What is more, the information was confirmed by Captain John Swettenham, who although on parole passed on the intelligence to Cope as his superior officer. Earlier Swettenham had witnessed one of the high points of the uprising (and an iconic moment in Jacobite historiography) when he was present at the gathering of Prince Charles’s supporters at the head of Glenfinnan. Having given instructions to muster at the meeting point of the glens of the Shlatach, the Finnan and the Callop, Charles and his retinue arrived shortly after midday. To begin with he only had a small bodyguard of some four hundred Macdonalds, a handful of Macgregors and Glenbucket’s Gordons, but as the afternoon dragged on and tensions no doubt grew, the sound of bagpipes was heard from the east, heralding the arrival of eight hundred Camerons. Lochiel had been true to his word and in so doing produced a wonderfully dramatic scene which Charles was able to milk to the full. The Jacobite standard was unfurled, James Stuart was proclaimed king and the blessing was provided by Hugh Macdonald, Bishop of the Highlands. Several onlookers remarked that Prince Charles had never looked happier than he did at that moment. He had 1200 men under his command and the rebellion was now a reality.
By the beginning of March 1746, having established himself at Inverness and its environs, the Prince Charles Stuart’s key immediate objectives were to reduce Fort William and Fort Augustus, to disperse Lord Loudoun’s army and to keep possession of the coast towards Aberdeen for supplies. Lord Loudoun had retreated, with Lord President Forbes and a majority of his men (excepting the garrison at Fort George), to Dornoch, taking all the available boats with him (as Captain MacLeod had stated) and therefore making pursuit extremely difficult. Once at Dornoch he was able to successfully defend himself against an attack by Lord George. He and his party eventually withdrew to Skye. At the same time Lieutenant General Walter Stapleton of Berwick’s regiment, accompanied by the Royal Ecossais, three Irish picquets and, crucially, the chief engineer Colonel James Grant of Lally’s (who had been mysteriously absent at Stirling) advanced to Fort Augustus, then under the governorship of Major Hu Wentworth. The siege began on 3 March. After some well-aimed shelling, which set fire to the powder magazine and eventually blew a breach in the outer wall, Major Wentworth surrendered on the 5th.
After the successful siege of Fort Augustus, Lieutenant General Stapleton had left Lord Lewis Gordon in command and marched on to Fort William accompanied by the Camerons and MacDonalds of Keppoch, who ‘were particularly interested in the success of it, as Fort William commands their country; and during the Prince’s expedition to England, the garrison made frequent sallies, burnt their houses, and carried off their cattle’. The garrison was commanded by Captain Caroline Scott. Colonel Grant began raising the batteries on 20 March and proceeded to pound the fort for over a week, during which he was injured. The comte de Mirabel took over and ‘succeeded no better . . . than he had done at Stirling’. On 31 March two parties sallied out from the fort to attack the batteries and succeeded in spiking the guns in one battery and taking prisoners from both. A few days later the siege was abandoned and the Jacobite troops retired back to Inverness. At about the same time, Lord George and his men were also ordered to return to Inverness, allowing Major General Crawford the opportunity to relieve the starving garrison at Blair Castle.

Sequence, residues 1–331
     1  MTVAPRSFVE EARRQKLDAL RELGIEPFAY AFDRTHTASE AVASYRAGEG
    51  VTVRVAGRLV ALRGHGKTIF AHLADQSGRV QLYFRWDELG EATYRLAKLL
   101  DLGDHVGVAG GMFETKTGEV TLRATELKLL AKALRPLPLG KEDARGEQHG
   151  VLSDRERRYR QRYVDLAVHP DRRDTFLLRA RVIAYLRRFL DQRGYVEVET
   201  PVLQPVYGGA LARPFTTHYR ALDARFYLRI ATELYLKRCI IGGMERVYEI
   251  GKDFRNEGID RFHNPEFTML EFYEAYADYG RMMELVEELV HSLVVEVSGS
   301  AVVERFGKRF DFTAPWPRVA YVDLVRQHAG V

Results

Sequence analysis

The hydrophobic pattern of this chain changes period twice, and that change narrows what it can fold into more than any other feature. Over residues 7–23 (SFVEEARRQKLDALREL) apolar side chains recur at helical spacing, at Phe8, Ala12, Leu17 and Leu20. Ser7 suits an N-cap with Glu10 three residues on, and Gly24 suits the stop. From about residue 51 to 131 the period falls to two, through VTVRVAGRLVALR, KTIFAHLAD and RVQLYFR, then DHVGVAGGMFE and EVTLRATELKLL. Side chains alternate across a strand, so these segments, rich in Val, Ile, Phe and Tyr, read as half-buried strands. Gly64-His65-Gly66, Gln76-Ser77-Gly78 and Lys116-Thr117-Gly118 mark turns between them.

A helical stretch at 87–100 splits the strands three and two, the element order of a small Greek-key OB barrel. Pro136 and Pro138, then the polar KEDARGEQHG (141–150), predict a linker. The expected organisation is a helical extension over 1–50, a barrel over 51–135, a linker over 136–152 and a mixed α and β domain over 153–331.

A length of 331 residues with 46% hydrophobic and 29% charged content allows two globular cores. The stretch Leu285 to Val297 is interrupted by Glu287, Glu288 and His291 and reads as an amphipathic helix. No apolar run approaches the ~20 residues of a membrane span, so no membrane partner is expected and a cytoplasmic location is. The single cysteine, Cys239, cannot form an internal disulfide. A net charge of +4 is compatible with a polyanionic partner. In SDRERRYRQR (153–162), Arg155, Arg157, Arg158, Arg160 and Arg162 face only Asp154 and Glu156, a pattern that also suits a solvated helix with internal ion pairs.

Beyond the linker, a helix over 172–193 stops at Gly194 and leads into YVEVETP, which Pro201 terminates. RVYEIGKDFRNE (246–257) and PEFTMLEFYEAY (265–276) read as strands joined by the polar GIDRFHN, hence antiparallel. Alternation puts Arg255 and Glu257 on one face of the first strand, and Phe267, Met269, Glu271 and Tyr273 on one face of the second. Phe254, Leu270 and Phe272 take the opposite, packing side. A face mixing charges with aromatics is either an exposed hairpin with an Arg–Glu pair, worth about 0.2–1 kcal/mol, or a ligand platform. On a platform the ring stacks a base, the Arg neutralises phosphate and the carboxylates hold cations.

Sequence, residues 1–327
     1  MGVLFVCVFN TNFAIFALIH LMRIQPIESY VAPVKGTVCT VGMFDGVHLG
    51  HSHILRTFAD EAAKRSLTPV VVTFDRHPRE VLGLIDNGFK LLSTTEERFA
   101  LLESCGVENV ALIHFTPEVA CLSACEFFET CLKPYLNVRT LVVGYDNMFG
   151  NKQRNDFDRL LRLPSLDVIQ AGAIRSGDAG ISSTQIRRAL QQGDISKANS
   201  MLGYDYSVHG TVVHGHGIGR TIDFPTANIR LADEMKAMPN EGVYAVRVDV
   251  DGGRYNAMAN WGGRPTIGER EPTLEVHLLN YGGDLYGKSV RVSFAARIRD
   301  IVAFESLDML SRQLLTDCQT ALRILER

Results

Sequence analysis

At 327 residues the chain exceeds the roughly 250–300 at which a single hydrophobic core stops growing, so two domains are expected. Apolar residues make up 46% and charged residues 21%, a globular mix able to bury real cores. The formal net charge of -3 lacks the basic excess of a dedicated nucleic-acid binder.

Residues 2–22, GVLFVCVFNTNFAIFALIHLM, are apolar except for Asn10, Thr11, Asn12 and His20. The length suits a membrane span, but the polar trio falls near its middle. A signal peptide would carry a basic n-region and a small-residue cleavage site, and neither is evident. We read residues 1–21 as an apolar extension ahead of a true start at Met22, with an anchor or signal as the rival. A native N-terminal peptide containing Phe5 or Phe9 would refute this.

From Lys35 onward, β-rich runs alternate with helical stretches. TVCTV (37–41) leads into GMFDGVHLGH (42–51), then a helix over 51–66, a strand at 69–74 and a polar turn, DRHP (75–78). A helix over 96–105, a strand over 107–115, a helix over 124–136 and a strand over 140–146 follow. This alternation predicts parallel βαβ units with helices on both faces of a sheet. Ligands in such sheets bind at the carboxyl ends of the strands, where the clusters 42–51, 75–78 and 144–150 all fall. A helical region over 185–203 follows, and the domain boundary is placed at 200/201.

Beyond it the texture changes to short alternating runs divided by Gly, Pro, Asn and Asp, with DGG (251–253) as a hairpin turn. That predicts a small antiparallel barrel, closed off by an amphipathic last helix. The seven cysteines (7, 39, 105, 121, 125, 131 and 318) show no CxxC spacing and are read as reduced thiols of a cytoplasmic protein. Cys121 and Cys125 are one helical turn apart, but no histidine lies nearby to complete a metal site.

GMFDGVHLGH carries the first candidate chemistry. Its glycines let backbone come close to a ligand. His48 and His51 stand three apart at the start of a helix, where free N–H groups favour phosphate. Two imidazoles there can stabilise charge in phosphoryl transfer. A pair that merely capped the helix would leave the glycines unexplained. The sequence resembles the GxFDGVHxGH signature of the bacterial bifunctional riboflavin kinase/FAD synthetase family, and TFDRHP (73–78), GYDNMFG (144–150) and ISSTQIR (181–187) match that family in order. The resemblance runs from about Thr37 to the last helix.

The Siege of Port Augustus, 3-5 March 1746
The forts Augustus and William had been thorns in the sides of the western clans, and when their chiefs saw how easily Fort George had been taken they clamoured for the siege of those two offending objects. Prince Charles accordingly released the Irish picquets, Royal Ecossais and more than 1,500 of the clansmen of Lochiel, Lochgarry and Keppoch, who descended on Fort Augustus at the end of February:
God knows what pains we had to send them the artillery, ammunition, meal and even forage, for there was not a scrap to be had in that part of the country; die roads were frozen, the horses reduced to nothing, and not a carter who knew how to drive or guide them. Our small pieces of cannon could be of no great use, only to fire on the barracks. All that we had to depend upon were two pieces of eight that were found in the Casde of Inverness [Fort George], and three or four small mortars that were taken at the battle of Falkirk … there were but sea carriages for our piece of eight pounds. The French ambassador [d’Eguilies] undertook to get carriages made, and so he did, but only one of these pieces arrived, the other carriage broke, and the cannon was left on the road.’
It was fortunate for the Jacobites that Fort Augustus had been designed ‘more … for ornament than strength’, as a demonstration of Hanoverian presence in the Highlands. It was badly sited, the curtain walls were feeble, and vital installations were installed in full view in conical towers on top of the four bastions. The garrison was more powerful than that of Fort George, being made up of three companies of Guise’s 6th, but the governor, Major Hu Wentworth, placed one of them in an isolated position in the old barracks of Kiliwhimen on the higher ground to the south.
Lieutenant Colonel Walter Stapleton, as commander of the ‘French’ troops, evicted the redcoats from the barracks by a straightforward assault, and Colonel James Grant was able to open his first trenches against the fort proper on 3 March. The Jacobite cannon were of little use against even these unimpressive ramparts but on 5 March a bomb from one of the coehorn mortars broke through the roof of the magazine. The resulting explosion breached the bastion beneath, which laid the fort wide open to an assault. The governor surrendered without more ado, which was only sensible, though he was later court-martialled and dismissed from the service.